Jarlshof Prehistoric and Norse Settlement
The name Jarlshof originates from the Old House of Sumburg, constructed in the seventeenth century and named in the novel â€śThe Pirateâ€ť, by Sir Walter Scott. And so the three-acre site became known as the Jarlshof Prehistoric and Norse Settlement. This is an extremely unique attraction in Scotland, as it is a visual display of history. An exhibit that you can see, touch and experience, and be drawn back into the times of Norse warriors, the Bronze Age, Middle Ages and Iron Ages. It has been estimated that this site has been home to many inhabitants for over 4 200 years and through untimely storms that eroded the sand that protected this site, a window into the past was opened.
Visitors to the Jarlshof Prehistoric and Norse Settlement must be prepared to devote a relatively long amount of time to the viewing of all the huts, settlements and wheelhouses, as guides are required to lift gates to allow access and some areas have quite narrow entrances. Jarlshof is an important and very significant archaeological site in Scotland and excavations to the area started before the outbreak of World War II. Excavations have revealed that the Shetland region was occupied as far back as 2500BC. The Bronze Age is represented through the oval house of a bronze smith. The clay moulds for swords and axe heads that were found, are confirmation of the smithsâ€™ existence, as are the other oval houses that were uncovered.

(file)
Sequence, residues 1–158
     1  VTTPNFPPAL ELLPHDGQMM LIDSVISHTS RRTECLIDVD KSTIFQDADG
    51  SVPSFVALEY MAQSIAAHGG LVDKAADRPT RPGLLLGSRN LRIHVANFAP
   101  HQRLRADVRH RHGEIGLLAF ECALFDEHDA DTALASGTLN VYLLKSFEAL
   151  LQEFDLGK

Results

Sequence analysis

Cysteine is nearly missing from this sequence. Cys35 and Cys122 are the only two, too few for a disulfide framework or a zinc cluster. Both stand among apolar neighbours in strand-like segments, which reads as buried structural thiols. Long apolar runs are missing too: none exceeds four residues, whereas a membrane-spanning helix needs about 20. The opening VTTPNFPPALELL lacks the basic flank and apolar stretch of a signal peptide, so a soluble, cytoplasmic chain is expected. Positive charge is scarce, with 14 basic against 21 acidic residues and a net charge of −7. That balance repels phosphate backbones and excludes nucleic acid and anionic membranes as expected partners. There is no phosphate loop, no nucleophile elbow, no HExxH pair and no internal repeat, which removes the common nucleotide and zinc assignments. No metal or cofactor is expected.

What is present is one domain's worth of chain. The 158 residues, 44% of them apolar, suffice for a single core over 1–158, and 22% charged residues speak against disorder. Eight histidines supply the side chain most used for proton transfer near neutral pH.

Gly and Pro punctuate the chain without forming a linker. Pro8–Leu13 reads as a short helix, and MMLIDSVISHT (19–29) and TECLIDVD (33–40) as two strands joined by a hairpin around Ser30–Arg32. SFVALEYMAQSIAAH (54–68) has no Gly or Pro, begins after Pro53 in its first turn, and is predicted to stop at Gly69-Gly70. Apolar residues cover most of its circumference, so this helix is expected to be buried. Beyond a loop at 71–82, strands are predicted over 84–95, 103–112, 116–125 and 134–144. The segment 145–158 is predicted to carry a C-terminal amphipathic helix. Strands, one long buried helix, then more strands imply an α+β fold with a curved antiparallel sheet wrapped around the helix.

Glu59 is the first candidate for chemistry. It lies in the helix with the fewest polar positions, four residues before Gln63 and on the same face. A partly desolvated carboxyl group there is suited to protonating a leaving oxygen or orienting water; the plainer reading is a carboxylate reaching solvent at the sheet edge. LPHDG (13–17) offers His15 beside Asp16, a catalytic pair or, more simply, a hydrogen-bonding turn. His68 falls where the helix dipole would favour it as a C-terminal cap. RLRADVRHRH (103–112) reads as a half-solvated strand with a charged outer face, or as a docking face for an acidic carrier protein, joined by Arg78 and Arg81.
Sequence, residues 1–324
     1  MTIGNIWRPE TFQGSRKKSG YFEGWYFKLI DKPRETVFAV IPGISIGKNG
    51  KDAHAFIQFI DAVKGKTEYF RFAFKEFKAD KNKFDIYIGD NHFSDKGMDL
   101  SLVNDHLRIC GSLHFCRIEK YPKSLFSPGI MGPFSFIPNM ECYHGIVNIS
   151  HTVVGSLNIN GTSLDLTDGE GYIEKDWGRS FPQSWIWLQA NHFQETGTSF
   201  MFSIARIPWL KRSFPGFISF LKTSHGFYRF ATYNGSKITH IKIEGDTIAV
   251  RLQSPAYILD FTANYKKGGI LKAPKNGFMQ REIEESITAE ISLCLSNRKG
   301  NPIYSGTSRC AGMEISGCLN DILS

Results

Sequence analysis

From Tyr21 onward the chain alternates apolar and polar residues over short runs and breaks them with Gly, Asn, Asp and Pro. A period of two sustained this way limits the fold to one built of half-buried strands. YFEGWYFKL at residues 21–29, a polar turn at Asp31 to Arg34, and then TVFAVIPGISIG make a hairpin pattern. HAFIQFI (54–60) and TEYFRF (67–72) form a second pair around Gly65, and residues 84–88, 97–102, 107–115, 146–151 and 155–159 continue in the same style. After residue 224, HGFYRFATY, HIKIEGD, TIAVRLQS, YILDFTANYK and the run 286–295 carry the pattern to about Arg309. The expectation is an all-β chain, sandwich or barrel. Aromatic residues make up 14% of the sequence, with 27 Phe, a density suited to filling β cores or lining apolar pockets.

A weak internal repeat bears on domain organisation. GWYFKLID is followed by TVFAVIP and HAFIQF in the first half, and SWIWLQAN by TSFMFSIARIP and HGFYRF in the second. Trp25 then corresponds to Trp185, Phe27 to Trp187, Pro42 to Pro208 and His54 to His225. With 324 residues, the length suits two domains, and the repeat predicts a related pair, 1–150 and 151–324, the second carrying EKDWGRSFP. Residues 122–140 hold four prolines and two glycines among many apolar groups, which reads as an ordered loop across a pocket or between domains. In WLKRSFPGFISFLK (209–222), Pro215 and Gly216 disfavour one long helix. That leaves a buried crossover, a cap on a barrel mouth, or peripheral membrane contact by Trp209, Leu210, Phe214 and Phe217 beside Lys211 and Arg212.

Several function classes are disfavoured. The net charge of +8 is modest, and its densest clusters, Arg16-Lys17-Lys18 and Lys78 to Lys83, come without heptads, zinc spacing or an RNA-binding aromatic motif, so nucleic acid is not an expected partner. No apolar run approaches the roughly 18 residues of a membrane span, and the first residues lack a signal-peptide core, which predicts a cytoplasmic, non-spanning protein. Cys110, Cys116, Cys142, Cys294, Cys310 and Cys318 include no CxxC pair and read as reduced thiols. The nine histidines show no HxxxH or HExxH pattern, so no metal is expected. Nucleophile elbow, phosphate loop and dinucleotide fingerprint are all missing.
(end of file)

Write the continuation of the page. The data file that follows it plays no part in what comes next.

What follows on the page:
This beautifully preserved archaeological site in Scotland has also revealed the presence of the troubled Iron Age, with the excavation of the brochs, which were constructed as wheelhouses. There are also outbuildings visible and the wheelhouses are dated back to approximately 200 â€“ 600 BC. It is believed, that the Norse settlements at Jarlshof remained here for more than 400 years and the artifacts that were discovered here gave archaeologists insights into the daily activities of the Norse people. Items recovered have included fishing equipment, board games and revealed evidence of cloth weaving and wool spinning.
The site also has an interpretation center, where visitors are able to learn more about the daily lives of the people that constructed the ruins and how they went about their daily activities. There are also artifacts displayed here, and visitors will be able to gain knowledge and hear the stories of these turbulent times and the clues that were left behind, for us to find.